Athletes sometimes describe a temporary state of heightened concentration as being "in the zone." It is a magical, mystical area that a performing athlete enters where the body, mind and spirit align perfectly. Everything is firing on all cylinders, enabling peak performance. The term is not used much to describe creative pursuits like moviemaking, but perhaps it should. I'm referring here to those rare blessed moments when a film achieves a kind of perfection with such apparent ease that they, too, have a mystical, magical quality to them. Perhaps I'm overstating my case, but if ever a movie was "in the zone," it would be 'The Sting.' One of the all-time greats, this film really is pretty darn wonderful.
The plot is both incredibly simple and yet incredibly multi-layered -- a story synopsis won't do it justice. Johnny Hooker (Robert Redford) is a young con man who was taught the ropes by his partner in crime, the legendary Luther Coleman (Robert Earl Jones). Luther longs to get out of the racket, so they pull one last, big scam -- only this time they choose the wrong guy. Turns out, if you mess with "The Boss," Doyle Lonigan (Robert Shaw), you get put on his hit list with no mercy. After a crooked cop (Charles Durning) gets in on the action, things go even more awry. Seeking payback, Hooker teams up with another great con man, the smooth but cynical Henry Gondorf (Paul Newman). Together, they recruit a motley gang of fellow crooks and accomplices (including Eileen Brennan and Ray Walston) to take down Lonigan. An increasingly twisty, endlessly crafty series of scams, double-crosses and ingenious ruses ensue, all to the tune of "The Entertainer." Payback has never been so sweet.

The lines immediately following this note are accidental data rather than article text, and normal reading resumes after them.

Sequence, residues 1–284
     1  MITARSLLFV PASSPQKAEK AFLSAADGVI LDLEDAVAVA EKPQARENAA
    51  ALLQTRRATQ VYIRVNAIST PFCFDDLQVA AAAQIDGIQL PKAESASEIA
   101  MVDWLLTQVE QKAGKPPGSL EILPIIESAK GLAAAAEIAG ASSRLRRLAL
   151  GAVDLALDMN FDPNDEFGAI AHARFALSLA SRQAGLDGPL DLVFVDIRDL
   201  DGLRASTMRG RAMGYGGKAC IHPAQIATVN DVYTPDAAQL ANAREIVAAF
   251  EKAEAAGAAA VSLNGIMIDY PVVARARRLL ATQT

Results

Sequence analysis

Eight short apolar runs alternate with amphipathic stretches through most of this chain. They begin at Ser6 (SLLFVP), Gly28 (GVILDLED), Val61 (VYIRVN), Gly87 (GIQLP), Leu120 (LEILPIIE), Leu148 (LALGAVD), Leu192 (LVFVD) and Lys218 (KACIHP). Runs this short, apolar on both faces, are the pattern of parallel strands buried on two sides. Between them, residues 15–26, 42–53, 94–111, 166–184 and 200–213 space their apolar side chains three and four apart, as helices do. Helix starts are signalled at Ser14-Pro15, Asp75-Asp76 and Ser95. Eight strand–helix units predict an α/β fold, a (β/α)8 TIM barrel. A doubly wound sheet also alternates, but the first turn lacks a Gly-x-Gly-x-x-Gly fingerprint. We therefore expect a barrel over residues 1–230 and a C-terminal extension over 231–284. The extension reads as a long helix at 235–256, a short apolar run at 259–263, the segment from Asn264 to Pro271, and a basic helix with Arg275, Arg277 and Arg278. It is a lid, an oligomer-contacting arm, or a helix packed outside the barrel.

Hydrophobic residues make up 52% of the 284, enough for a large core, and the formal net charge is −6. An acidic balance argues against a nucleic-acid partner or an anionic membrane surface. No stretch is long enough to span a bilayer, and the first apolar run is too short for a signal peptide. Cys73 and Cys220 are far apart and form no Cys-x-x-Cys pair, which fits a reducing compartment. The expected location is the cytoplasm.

Critics of 'The Sting' have said that the movie is all chemistry. Indeed, the pure star wattage of Redford and Newman goes a long way in giving the film its heat. But such a simple statement does a disservice, not only to the rest of the a-list cast, but also David Grant's expertly-crafted script and George Roy Hill's energetic direction. 'The Sting' is so darn entertaining not just because Redford and Newman flash their toothy grins, it is so darn entertaining because it works on every single level. Each scene pays off the one before, and sets up the next one, expertly. The writing, the music, the performances, the cinematography, the editing -- not a single moment is anything less than elegant, refined, and a sheer marvel.
However, I do agree with the critics who have said that 'The Sting' is not really about anything. It is an immensely enjoyable, impeccably produced bit of cinematic entertainment, but it doesn't add much to the sum of human consciousness. It might have had a bit more cultural relevance had it examined the racial and class tensions at more than a surface level. That, in hindsight, leaves it a somewhat surprising choice by the Academy to beat out other, more "serious" front-runners for the 1973 Best Picture Oscar, including 'American Graffiti' and 'The Exorcist.' But whatever -- awards are pretty silly in the first place. And why not just revel in the fine wine, even if it is made out of sour grapes? I had so much fun revisiting 'The Sting' again, after having seen the film numerous times over the years, that there really is something to be said for any film that can hold up so well after three decades. 'The Sting' is truly timeless.
'The Sting' was released theatrically in 1973, and for you kids in the audience, yes, we really did have electricity back then. But old is old, and Universal certainly had its work cut out for it in restoring and remastering the film. Though the studio proves itself up to the task, in all honesty this one is a slight disappointment. 'The Sting' still looks good, just not as sublime as most of the studio's recent HD DVD reissues of great films of the same era, such as 'The Deer Hunter,' 'Dune' and 'The Thing.'